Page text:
Cincinnati Concrete Company
Work with a Reputable Cincinnati Concrete Company for Professional Results | Good Garages & Exteriors
The Importance of Having a Quality Concrete Slab
Why Should You Choose Us As Your Cincinnati Concrete Contractor?
- Quality workmanship
- Great customer service
- A free estimate
- Financing options
- Wide range of services to choose from
Discover the Services that We As an Exterior and Concrete Contractor Have in Store for You!
- Garage Doors
- Decks & More
- Shed Foundation
Standard steps for replacing a concrete driveway, patios, and sidewalks
- Determine why the old concrete or blacktop driveway, patio, or sideewalked failed
- At its lifespan
- Poor drainage causing settling
- Tree roots
- Improper prior installation
- Soil (base) was not compacted correctly
- Material not placed at the right thickness
- Remove existing concrete or blacktop material
- Access existing grading, soil conditions, and water management
- Remove soil if needed to obtain proper slope, grade, or room for sub-base
- Try not to disturb more soil than necessary where the new driveway is going
- Install drainage if required
- Run compactor on soil if required depending on site
- Haul in base material (usually gravel) and set to desired height
- Compact base material
- Install rebar for reinforcement
- Place concrete
- Pull forms
- Place topsoil, seed, and straw if required
Frequently Asked Questions
5 Inches is standard for most residential applications, but the thickness is only one factor in what determines the strength of a concrete driveway.
4 inches of gravel is standard. What type of gravel base and amount is determined by the type of concrete project.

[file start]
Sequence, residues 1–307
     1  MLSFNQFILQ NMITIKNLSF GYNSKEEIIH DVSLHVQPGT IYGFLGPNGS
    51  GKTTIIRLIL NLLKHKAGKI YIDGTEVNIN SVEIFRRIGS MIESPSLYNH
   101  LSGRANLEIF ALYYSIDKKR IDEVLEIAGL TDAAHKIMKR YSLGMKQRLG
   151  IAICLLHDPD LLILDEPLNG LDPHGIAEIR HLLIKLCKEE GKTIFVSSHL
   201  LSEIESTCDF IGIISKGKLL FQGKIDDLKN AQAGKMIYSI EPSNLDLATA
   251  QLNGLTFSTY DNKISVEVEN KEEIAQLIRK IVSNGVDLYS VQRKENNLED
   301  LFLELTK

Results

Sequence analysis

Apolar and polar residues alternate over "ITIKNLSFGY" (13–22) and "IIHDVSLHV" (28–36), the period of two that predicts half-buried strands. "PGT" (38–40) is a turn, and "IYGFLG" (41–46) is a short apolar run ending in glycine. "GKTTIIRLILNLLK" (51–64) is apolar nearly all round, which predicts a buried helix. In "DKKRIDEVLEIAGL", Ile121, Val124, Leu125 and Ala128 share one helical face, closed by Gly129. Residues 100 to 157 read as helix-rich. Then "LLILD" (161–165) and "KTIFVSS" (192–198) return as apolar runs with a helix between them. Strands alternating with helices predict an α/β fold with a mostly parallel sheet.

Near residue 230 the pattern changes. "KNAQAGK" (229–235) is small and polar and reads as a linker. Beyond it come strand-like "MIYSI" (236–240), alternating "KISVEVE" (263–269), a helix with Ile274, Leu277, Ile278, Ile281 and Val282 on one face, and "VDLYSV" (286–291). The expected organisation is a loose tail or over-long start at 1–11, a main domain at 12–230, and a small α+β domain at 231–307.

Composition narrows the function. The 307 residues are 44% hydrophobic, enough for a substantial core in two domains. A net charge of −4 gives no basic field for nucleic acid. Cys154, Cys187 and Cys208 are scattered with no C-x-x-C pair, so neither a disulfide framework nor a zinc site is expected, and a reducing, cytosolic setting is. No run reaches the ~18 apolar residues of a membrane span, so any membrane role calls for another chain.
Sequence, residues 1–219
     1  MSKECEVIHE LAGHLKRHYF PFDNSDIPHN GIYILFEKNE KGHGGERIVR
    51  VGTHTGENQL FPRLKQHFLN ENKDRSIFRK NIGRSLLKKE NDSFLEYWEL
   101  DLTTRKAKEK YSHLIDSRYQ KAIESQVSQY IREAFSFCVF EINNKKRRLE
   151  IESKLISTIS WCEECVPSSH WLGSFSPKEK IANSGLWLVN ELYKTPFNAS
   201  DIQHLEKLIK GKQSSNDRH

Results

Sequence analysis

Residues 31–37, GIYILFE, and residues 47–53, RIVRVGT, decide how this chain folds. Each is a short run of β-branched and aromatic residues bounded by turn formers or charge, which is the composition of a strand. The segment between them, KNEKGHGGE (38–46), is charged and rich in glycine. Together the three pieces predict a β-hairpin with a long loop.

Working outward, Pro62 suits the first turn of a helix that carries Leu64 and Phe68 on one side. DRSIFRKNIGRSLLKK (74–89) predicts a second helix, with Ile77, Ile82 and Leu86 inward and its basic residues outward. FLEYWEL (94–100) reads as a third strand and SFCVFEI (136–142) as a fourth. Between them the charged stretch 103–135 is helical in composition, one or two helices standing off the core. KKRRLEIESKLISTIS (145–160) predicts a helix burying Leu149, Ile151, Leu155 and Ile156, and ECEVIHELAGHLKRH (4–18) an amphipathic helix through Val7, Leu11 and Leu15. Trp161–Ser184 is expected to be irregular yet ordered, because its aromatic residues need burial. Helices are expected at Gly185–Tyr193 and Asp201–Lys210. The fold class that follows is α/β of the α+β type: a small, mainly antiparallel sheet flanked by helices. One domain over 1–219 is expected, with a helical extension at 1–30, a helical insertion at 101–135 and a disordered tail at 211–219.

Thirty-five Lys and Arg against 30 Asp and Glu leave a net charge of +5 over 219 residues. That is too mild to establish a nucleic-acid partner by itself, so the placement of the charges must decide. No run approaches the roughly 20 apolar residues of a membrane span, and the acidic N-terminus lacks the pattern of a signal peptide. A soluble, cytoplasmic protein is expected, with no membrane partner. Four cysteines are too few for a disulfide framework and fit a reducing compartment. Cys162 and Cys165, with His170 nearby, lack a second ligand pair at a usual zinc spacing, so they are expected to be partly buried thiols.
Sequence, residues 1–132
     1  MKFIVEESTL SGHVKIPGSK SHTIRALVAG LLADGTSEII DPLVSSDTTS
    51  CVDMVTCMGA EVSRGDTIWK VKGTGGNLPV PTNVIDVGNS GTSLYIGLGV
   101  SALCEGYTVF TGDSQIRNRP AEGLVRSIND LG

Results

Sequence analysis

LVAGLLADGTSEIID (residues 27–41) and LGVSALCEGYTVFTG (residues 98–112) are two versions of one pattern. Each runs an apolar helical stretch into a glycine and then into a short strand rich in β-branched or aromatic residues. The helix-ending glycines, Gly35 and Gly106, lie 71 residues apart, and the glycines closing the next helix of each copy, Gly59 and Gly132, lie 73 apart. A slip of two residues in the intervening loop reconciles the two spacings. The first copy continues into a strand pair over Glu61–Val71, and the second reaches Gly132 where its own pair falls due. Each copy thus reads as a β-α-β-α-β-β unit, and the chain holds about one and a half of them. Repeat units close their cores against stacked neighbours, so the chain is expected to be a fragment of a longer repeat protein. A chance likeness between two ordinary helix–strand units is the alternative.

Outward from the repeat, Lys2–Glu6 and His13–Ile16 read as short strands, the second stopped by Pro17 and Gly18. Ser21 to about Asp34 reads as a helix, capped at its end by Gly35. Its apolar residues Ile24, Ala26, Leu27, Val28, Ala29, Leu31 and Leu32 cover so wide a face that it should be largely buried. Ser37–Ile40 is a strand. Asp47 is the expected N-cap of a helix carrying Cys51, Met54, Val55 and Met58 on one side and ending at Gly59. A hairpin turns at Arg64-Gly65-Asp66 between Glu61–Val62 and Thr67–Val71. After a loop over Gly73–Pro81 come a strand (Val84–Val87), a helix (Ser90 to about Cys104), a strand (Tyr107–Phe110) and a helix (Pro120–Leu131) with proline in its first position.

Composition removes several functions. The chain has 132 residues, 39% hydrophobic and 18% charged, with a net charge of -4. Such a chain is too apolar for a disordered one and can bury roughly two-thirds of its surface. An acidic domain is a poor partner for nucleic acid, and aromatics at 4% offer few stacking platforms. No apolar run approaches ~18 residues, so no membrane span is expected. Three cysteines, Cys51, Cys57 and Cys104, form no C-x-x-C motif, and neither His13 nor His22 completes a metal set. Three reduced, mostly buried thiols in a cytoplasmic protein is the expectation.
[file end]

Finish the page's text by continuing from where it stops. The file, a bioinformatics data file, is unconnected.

There are typically three types of reinforcement:
- The first is metal rebar which has great tinsel strength and shear which can be used in almost all applications including doweling into a foundation. But it does have limitations with some accelerants used in concrete mixes.
- The second is fiberglass which has great tinsel strength and is most commonly used in the grids for flat work (Concrete patios, sidewalks, and driveways).
- Road mesh is a metal 7”x7” grid mat that is much thinner than typical #3-#5 rebar.
Typically you can expect 25-45 years, with the average life span being 35 years for a concrete driveway
Due to the curing process, the moisture content is reduced causing the slab to shrink about 1/16” in about every 10 feet. The faster you can cut in relief joints, the better. It is best practice to cut joints in the first 24 hours. Whether tooling or cutting the joints, they need to be 1/4 of the slab in depth to work effectively.
There are many variables with pouring concrete in the winter. When done correctly and not letting the concrete get below 50 degrees in the first 5 days, it can be done without compromising the integrity of the concrete with blankets, proper mixes, and even heaters.
Typical slope for exterior concrete is 1/8” per linear foot. This helps there be proper drainage and to prevent standing water.
A vapor barrier is required when you are trying to prevent the vapor drive of moisture through the porous concrete. Most commonly it is used when you plan on enclosing the concrete with a structure such as a garage or basement. It is important because If you have ever had an old basement where you set something on the concrete and it accumulated moisture (for example, a cardboard box, and the box got soggy after a period of time), you know you don’t have a vapor barrier.
The PSI rating for concrete along with additives is very important in the strength and the ability for the concrete to stand up to the elements. We pour all of our driveways, patios, and sidewalks with a mix rated at 4000 PSI or greater. This is higher than the industry standard.
In Cincinnati, we have a 30” deep frost depth due to freeze and thaw seasons. We do not dowel our non-frost-protected concrete into the foundation that is frost protected. The reason for this is if bulk water does get below the new slab and freezes, it creates a pressure point in the concrete where the dowel is and could possibly pop the concrete. We choose to place the dowel below the concrete allowing the pad to float up but not settle, keeping it at the correct elevation for the life of the concrete.